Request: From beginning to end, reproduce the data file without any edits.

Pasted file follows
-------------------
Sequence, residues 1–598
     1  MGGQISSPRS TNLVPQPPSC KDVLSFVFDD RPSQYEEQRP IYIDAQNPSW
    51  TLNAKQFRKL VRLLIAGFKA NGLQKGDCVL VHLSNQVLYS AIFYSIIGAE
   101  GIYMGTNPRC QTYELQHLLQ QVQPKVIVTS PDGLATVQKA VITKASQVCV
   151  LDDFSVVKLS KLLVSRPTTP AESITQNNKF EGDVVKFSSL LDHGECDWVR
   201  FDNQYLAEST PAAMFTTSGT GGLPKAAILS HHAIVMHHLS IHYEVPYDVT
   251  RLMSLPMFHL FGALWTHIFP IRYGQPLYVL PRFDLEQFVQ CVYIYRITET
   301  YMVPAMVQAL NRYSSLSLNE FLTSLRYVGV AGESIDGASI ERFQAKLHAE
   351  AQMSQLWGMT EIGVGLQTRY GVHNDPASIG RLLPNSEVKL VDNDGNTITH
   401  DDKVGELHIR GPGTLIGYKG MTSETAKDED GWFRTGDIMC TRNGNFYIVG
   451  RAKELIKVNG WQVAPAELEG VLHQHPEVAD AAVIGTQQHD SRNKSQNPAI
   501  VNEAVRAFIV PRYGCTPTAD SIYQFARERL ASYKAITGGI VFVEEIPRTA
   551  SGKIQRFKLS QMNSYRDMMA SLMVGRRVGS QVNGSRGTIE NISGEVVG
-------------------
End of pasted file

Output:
Sequence, residues 1–598
     1  MGGQISSPRS TNLVPQPPSC KDVLSFVFDD RPSQYEEQRP IYIDAQNPSW
    51  TLNAKQFRKL VRLLIAGFKA NGLQKGDCVL VHLSNQVLYS AIFYSIIGAE
   101  GIYMGTNPRC QTYELQHLLQ QVQPKVIVTS PDGLATVQKA VITKASQVCV
   151  LDDFSVVKLS KLLVSRPTTP AESITQNNKF EGDVVKFSSL LDHGECDWVR
   201  FDNQYLAEST PAAMFTTSGT GGLPKAAILS HHAIVMHHLS IHYEVPYDVT
   251  RLMSLPMFHL FGALWTHIFP IRYGQPLYVL PRFDLEQFVQ CVYIYRITET
   301  YMVPAMVQAL NRYSSLSLNE FLTSLRYVGV AGESIDGASI ERFQAKLHAE
   351  AQMSQLWGMT EIGVGLQTRY GVHNDPASIG RLLPNSEVKL VDNDGNTITH
   401  DDKVGELHIR GPGTLIGYKG MTSETAKDED GWFRTGDIMC TRNGNFYIVG
   451  RAKELIKVNG WQVAPAELEG VLHQHPEVAD AAVIGTQQHD SRNKSQNPAI
   501  VNEAVRAFIV PRYGCTPTAD SIYQFARERL ASYKAITGGI VFVEEIPRTA
   551  SGKIQRFKLS QMNSYRDMMA SLMVGRRVGS QVNGSRGTIE NISGEVVG